These aren’t always available, but if one sounds like something you’d like, it’s worth looking into.

  • Extendable Handle
  • Included Dustpan (some attach to the broom for easy storage)
  • Replaceable Head

Broom FAQ

Still have one or two questions as you’re thinking about brooms?  Here are some answers that may help you make a decision.

How often should you replace your broom?

There’s no hard and fast rule because every situation will be different.  But when your broom is becoming less effective due to wear, it’s time to trade it in for a new one that does the job well.

To help extend it’s useful life, clean a broom about every 3 months, or sooner if needed.   

What kind of broom is best?

The best broom is the one that meets your needs and your goals.  First decide what you need it for, then buy one that shines for that purpose.

Remember:

  • What rooms or areas will you be sweeping?
  • What type dirt or debris will you be cleaning?
  • What surface will you be sweeping?

Can brooms be recycled?

Want to get more use out of an old broom?  Here are some options:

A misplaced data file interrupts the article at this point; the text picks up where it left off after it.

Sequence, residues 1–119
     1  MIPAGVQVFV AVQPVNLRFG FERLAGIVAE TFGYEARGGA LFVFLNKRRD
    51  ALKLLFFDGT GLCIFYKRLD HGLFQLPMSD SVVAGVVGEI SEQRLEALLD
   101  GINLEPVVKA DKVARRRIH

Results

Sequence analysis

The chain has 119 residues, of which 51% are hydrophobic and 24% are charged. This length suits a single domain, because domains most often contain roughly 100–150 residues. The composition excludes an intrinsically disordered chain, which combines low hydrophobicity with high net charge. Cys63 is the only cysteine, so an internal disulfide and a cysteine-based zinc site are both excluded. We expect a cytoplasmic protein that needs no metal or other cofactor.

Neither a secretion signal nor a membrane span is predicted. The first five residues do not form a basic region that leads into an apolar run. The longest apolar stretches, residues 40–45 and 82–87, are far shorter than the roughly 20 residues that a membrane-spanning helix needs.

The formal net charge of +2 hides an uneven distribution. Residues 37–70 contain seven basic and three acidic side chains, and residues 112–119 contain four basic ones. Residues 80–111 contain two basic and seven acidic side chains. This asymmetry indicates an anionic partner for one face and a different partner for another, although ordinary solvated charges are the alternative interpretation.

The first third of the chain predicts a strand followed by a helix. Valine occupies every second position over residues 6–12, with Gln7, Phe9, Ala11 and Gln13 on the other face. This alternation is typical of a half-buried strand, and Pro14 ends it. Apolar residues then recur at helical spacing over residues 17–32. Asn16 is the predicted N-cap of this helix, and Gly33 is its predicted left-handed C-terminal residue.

• For natural materials, a quick trim may bring a broom back to life.
  • Donate worn brooms to animal shelters.
  • Feeling DIY?  Check out these ideas.
  • For recycling regulations in your area, contact your local waste management authority.

Wrap Up

A broom is a simple tool, but we are fortunate enough to have many options at our fingertips today.

I’m sure Levi Dickinson would be amazed at how his simple broom has both stayed the same with traditional methods, and evolved dramatically with modern materials and manufacturing.

Once you understand a little about brooms, the choice of which is best for you becomes easier because you know what to look for.